How '23 Is Greater Than '24'

By Patrick Anderson,
whose e-mail address is
Monday, January 22, 2007


By David Fulmer

Harcourt. 305 pp. $23

Istruck a blow for freedom recently. It was a Sunday, just after 8. I'd made it through the Patriots-Chargers game, and now it was time for the long-awaited sixth season of "24." Only you, Jack Bauer, can save us from the fiendish terrorists and imbecilic statesmen who imperil our beloved h omeland! But wait! A spark was stirring inside me. I knew that in recent years"24" had been steadily climbing the list of my 20 worst habits. In a burst of manly virtue, I switched off the TV set and picked up David Fulmer's "The Dying Crapshooter's Blues." I did it, and I'm glad.

There is nothing urgent or timely about the novel, and that, really, is the point. Set in Atlanta in 1923, it's populated by gamblers, pimps, whores, blues singers, thuggish cops and the occasional plutocrat. It carries us back to a simpler era, when men shot and stabbed one another but no one was blowing up cities or bringing down buildings. Fulmer set three previous novels in early 20th-century New Orleans, and he is skilled at re-creating the sights and sounds of the South of a hundred years ago. His mostly lowlife characters are diverting without being alarming. Call it escapism, call it nostalgia, but Atlanta in 1923 was a lot more fun than watching Kiefer Sutherland huff and puff through his one-man war on terrorism.

This is a raffish and deceptively simple novel; a lot is going on. At the outset, on a Saturday night before Christmas, two crimes occur at opposite poles of society. On Euclid Avenue, swells in tuxedos and fancy gowns are attending a charity ball at the Payne family's Greek-revival mansion. But -- hark! -- skulduggery is afoot. One of the maids unlocks a basement door and leaves it open, and before the evening is over Mrs. Payne's jewelry is missing. Meanwhile, less than two miles away, near the gambling houses and gin mills of Central Avenue, a drunken white cop named J.R. Logue shoots a small-time Negro gambler and pimp called Little Jesse Williams. But Little Jesse doesn't die right away -- he's the dying crapshooter of the title.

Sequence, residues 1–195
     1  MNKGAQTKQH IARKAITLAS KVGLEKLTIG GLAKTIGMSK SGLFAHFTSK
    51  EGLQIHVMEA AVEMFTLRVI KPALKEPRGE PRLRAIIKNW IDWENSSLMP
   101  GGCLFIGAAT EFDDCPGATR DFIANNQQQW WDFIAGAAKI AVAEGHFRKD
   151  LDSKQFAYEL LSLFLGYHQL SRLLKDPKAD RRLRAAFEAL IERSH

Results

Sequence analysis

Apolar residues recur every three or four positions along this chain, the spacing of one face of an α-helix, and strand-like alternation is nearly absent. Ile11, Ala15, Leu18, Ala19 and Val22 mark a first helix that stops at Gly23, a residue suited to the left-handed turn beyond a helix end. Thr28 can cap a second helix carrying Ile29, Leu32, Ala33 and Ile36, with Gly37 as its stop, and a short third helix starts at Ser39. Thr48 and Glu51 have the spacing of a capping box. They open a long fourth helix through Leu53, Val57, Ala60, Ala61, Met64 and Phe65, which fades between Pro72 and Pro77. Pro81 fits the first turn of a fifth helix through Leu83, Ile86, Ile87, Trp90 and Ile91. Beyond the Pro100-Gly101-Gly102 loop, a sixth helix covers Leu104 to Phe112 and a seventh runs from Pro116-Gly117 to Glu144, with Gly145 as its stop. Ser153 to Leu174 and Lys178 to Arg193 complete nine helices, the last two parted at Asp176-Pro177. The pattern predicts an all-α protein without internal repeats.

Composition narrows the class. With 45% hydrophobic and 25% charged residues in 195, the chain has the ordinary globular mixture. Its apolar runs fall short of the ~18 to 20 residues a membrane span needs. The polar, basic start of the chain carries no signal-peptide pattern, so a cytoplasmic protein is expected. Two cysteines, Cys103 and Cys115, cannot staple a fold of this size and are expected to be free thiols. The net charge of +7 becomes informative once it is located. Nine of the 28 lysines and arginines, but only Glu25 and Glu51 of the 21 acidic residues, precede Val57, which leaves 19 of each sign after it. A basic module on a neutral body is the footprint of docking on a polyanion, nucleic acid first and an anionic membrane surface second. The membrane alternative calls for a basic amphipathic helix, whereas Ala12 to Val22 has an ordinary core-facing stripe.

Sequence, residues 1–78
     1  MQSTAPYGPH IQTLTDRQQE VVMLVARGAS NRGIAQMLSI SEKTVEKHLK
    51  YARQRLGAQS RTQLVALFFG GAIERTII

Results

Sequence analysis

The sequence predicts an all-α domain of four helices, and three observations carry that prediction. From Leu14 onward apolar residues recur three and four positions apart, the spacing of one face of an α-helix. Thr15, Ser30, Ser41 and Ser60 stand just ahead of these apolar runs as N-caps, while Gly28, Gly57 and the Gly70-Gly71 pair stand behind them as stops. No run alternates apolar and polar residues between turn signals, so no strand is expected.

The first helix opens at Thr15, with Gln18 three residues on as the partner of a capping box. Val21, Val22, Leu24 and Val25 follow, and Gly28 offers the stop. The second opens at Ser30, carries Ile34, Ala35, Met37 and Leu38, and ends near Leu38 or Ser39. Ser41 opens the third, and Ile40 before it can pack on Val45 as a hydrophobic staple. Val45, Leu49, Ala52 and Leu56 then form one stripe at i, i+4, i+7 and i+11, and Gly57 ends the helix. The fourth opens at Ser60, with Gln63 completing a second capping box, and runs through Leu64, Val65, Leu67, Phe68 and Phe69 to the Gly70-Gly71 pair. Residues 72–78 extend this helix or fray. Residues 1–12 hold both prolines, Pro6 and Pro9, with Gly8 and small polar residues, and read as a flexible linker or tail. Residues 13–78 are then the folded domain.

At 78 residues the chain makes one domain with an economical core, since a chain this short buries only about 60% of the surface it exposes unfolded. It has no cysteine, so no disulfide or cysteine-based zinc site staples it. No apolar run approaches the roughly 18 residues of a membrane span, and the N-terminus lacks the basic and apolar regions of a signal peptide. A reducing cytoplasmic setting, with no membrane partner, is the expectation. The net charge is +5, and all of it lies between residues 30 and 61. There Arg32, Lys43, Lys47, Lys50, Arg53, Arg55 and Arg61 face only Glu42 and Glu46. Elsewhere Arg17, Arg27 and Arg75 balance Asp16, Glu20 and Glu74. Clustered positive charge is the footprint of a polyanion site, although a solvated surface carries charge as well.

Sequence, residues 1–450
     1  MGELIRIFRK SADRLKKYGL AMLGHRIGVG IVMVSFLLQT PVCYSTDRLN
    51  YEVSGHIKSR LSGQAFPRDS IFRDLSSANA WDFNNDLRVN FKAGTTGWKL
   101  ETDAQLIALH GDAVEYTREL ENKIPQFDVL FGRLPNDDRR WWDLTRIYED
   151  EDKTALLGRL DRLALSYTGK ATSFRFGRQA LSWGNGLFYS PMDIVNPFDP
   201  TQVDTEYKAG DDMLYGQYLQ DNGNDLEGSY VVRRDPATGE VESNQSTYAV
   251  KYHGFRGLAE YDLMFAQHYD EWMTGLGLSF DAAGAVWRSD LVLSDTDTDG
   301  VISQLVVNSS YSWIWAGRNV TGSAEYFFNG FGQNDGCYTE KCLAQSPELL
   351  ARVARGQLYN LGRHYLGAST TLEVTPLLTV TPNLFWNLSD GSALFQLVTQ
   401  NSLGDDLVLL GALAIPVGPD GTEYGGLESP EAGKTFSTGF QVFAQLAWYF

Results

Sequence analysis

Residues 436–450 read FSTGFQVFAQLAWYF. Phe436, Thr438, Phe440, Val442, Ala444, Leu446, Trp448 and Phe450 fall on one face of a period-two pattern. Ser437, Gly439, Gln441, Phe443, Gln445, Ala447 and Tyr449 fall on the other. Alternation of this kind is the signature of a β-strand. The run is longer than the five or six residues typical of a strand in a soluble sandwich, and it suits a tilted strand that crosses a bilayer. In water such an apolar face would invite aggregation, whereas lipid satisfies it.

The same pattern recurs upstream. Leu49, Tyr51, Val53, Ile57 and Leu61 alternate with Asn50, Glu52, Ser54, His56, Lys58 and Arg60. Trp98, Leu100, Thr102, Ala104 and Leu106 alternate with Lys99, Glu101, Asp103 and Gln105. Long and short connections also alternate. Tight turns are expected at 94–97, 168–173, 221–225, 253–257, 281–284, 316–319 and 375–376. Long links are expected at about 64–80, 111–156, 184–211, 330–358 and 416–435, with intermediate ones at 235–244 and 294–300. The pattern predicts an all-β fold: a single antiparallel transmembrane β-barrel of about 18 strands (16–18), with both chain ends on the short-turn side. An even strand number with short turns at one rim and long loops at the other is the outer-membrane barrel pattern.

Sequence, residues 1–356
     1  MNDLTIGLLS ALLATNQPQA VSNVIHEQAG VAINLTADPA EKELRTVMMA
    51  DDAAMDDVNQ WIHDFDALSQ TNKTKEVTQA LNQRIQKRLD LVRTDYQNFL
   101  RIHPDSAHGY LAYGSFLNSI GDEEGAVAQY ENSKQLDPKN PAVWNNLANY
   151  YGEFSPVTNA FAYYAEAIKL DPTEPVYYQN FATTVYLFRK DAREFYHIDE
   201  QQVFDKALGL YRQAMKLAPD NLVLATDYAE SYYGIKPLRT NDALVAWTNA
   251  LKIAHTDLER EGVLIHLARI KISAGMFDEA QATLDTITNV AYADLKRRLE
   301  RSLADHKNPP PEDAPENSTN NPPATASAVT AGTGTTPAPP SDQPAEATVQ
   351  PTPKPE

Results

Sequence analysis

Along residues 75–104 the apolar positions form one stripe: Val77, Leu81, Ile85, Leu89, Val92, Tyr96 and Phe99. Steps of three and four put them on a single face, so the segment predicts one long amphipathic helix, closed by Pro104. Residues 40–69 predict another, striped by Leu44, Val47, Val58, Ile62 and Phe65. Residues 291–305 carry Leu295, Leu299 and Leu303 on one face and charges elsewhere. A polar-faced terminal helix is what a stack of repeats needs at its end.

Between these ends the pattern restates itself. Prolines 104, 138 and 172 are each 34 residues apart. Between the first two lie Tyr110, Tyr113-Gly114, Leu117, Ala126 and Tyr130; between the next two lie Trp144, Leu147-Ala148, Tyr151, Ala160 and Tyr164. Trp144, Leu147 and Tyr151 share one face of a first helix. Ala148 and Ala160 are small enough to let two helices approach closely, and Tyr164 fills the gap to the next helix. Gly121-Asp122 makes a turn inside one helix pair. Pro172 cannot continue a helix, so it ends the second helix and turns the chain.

No one in authority worries about Little Jesse's fate, but the jewel robbery outrages City Hall. The police force turns to the brutal Capt. Grayton Jackson to make an arrest. Into this mess walks our hero, Joe Rose, a half-Indian gambler and thief. He's just arrived back in town, and he didn't steal Mrs. Payne's jewels, but he might be suitable for framing.

Complicating his plight, he's a friend of Little Jesse and is determined to find out who shot him and why. Joe Rose is a charming rounder who moves easily between the black and white characters in the novel, particularly the women. One of his paramours is none other than Capt. Jackson's randy wife. Back in her home town, it was said that "she had initiated more boys than the Scouts," and she delights in cuckolding her cruel and stupid husband. Joe Rose also defies local law and good sense to lie with Pearl Spencer, a high-spirited young black woman who was one of the maids at the Payne house and may have been in on the robbery.

The most intriguing character in the novel comes from real life: Blind Willie McTell (1901-1959), the great blues singer, whose work endures today in covers by the Allman Brothers and other artists. We first see McTell one Sunday morning when he's walking "along Old Wheat Street with his Braille bible in his coat pocket and his guitar hoisted on his back. He never traveled anywhere without the twelve-string Stella and the Good Book." Willie is a friend of both Joe Rose and Little Jesse Williams, and as the latter lies dying he writes a ballad about his life and death. In another twist, two talent scouts from a New York record company come to town to record local talent -- mostly white country musicians -- and Willie is barred from the all-white hotel where they're staying. This mostly good-natured novel ignores neither the racism nor the police corruption of the era.

Fulmer includes some history of Atlanta, which was burned to the ground in the Civil War but by 1923 has been reborn as the grandest city in the South, its population approaching a quarter of a million. The novel is also distinguished by a level of detail that makes a vanished world live again: "Then there was the smell, a fetid combination of engine exhaust, horse manure, rusting pipes, wood smoke, and damp rot, all with contributions from the nearby Atlanta Livestock Center, famed for its stench." The ideal reader for this easygoing novel may be someone who cares about the Atlanta or the South of yesteryear, but it will help if he or she isn't expecting too pretty a picture.

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